Yellow Robe - A Real Buddhist's Journal

Mar 25th
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Home Teachings General Advices for Practice

Advices for Practice

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In Buddhism, the actual practice is far more important than everything else. We wish to give some good words of advice.

1. If one chooses to read the Pali Canon on one's own, it's better that there is an experienced teacher to give guidance on the correct meaning of the words. This saves time in doubt and endless research.

2. If one has doubts or questions, it's better if there is an experienced, accomplished, and authentic teacher to answer and give guidance.

We suggest not to look for answers in places such as the Internet discussion forums that are crowded with diversity of views, doctrines, traditions, etc. These people cannot give true guidance.

Furthermore, resources on the Internet should always be taken with careful examinations and investigation. A lot of web pages are written by persons who write at an individual basis, and should therefore be examined . For example, the popular Access to Insight has teachings that require further investigation such as its F.A.Q. on "I want to become a Buddhist. How do I do that?"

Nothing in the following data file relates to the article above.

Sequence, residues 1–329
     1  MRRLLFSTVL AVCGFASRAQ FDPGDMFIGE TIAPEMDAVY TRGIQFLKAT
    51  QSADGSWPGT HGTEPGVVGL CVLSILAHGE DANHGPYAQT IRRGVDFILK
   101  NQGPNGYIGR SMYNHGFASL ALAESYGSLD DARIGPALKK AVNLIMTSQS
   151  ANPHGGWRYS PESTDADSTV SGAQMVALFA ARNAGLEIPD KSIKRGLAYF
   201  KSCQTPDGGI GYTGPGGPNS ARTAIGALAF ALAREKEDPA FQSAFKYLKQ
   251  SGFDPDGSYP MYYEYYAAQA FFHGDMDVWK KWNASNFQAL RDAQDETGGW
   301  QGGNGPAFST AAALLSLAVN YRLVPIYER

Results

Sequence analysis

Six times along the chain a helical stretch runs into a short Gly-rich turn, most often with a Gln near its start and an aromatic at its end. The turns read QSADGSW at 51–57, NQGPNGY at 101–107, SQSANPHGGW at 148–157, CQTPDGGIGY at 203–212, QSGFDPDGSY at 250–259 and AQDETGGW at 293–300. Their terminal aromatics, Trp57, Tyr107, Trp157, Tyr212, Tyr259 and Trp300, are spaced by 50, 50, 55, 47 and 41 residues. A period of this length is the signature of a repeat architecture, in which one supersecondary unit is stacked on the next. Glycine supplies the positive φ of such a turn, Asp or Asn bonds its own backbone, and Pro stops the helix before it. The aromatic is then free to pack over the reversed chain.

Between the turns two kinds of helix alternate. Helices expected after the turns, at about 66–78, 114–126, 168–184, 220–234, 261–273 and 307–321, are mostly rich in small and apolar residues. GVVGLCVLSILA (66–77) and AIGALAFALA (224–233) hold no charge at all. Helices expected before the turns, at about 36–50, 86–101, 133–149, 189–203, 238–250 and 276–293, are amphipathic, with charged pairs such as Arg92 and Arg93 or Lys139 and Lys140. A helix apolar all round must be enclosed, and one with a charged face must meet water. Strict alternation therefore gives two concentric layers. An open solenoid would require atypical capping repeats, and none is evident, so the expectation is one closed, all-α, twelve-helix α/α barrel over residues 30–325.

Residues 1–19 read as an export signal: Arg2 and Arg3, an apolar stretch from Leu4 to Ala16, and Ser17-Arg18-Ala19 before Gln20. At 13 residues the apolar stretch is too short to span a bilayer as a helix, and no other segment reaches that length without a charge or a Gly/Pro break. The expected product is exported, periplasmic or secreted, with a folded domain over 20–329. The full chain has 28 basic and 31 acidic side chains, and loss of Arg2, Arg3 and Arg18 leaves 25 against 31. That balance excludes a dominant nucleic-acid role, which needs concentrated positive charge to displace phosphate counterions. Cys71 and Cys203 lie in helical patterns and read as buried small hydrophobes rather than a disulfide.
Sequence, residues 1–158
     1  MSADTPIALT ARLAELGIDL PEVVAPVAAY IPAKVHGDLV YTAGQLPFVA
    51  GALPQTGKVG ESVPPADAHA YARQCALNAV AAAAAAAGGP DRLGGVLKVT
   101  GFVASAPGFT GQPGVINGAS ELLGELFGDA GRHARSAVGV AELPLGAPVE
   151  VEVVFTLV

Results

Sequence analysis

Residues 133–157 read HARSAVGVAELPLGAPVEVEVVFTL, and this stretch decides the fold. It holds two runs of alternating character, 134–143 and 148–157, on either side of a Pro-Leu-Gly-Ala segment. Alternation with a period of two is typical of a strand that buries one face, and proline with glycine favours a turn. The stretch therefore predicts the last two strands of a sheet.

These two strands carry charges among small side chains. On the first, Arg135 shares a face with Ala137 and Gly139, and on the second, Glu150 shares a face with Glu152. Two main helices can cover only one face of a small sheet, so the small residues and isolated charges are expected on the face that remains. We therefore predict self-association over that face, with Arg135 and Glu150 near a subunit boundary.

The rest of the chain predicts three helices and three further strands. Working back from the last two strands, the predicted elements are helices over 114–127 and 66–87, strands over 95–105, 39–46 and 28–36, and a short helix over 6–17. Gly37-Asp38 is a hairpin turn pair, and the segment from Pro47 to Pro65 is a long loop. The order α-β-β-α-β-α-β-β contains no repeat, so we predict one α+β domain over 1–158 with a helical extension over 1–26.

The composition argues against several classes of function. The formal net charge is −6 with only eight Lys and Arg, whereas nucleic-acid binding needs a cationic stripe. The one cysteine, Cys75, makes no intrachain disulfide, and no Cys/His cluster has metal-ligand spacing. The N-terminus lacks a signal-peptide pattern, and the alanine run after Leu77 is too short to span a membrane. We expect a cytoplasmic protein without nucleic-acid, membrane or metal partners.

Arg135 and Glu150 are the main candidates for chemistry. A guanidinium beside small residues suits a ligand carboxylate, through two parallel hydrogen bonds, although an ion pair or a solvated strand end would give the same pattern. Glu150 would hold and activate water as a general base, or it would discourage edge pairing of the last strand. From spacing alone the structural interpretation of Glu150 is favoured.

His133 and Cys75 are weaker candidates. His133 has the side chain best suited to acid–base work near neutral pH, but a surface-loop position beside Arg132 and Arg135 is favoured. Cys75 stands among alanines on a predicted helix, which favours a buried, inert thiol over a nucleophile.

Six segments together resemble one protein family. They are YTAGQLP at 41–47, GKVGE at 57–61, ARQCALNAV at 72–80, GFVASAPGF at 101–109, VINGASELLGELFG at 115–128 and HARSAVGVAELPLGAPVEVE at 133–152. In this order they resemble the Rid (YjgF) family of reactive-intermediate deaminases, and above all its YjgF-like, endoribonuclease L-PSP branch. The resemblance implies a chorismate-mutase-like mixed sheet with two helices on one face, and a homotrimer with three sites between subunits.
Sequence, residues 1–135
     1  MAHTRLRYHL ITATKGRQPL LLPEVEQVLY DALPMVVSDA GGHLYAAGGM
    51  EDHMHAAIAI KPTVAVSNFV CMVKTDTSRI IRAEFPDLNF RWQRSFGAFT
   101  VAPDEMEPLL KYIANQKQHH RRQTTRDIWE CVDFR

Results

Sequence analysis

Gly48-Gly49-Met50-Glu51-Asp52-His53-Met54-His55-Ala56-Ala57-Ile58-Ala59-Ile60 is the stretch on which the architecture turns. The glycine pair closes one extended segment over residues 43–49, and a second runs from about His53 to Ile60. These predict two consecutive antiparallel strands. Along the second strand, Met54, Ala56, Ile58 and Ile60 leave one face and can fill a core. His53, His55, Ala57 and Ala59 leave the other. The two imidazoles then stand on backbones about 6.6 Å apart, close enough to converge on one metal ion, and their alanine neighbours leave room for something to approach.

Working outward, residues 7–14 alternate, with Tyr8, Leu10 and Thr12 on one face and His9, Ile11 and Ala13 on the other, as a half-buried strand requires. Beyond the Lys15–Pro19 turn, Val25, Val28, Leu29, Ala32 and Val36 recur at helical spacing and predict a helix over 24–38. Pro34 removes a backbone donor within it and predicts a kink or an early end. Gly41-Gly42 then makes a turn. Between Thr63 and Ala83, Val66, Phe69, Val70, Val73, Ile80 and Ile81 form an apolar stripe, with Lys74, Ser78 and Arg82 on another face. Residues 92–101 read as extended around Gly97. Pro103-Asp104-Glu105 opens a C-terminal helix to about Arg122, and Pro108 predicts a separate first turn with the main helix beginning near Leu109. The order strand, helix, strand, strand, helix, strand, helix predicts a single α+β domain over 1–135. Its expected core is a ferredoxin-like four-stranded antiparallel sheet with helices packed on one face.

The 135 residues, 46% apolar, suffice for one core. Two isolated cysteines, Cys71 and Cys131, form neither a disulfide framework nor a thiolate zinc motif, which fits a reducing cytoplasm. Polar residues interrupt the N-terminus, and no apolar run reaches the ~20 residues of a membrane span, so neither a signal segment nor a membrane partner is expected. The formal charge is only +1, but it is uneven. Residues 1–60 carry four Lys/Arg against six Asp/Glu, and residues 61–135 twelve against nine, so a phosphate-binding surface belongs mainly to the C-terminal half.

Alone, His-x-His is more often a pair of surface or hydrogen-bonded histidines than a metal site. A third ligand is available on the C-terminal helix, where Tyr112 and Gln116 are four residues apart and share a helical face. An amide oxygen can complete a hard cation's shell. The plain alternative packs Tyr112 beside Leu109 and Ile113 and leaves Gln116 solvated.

However, we recommend this article. [The Triple Refuge (ti-sarana)]

3. We advice to abstain from participating excessively on the Internet discussion forum, such as debates, arguments, exchange of views and opinions, etc.

The advice from an experienced practitioner is "Doing this only makes it a hindrance for oneself!"

One should reflect,

"What good can arguments and debates do to me? Attachments to them only waste my time of practicing!"

"What good can diversity of views and opinions do to me? They only become a hindrance! Attachments to them mean suffering!"

And we definitely don't advice one to engage in debates and disputes with other religious faiths. "Other religious faiths" also include those Buddhist schools' doctrines that are not in agreement with each other.

4. There is a famous saying, "Patience leads to Nibbana ."

Keep this saying in the most secure place in heart. This is the saying from the past realized masters.


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" The wise do not say that bods made of iron, of wood and of hemp are strong bonds; they say that only passionate attachment to and care for gems and jewellery, children and wives are strong bonds. These drag one down (to lower planes of existence) and although they seem yielding are difficult to unfasten. The wise, cutting off this bond (of craving) and resolutely giving up sensual pleasures, renounce the world. "

The Dhammapada

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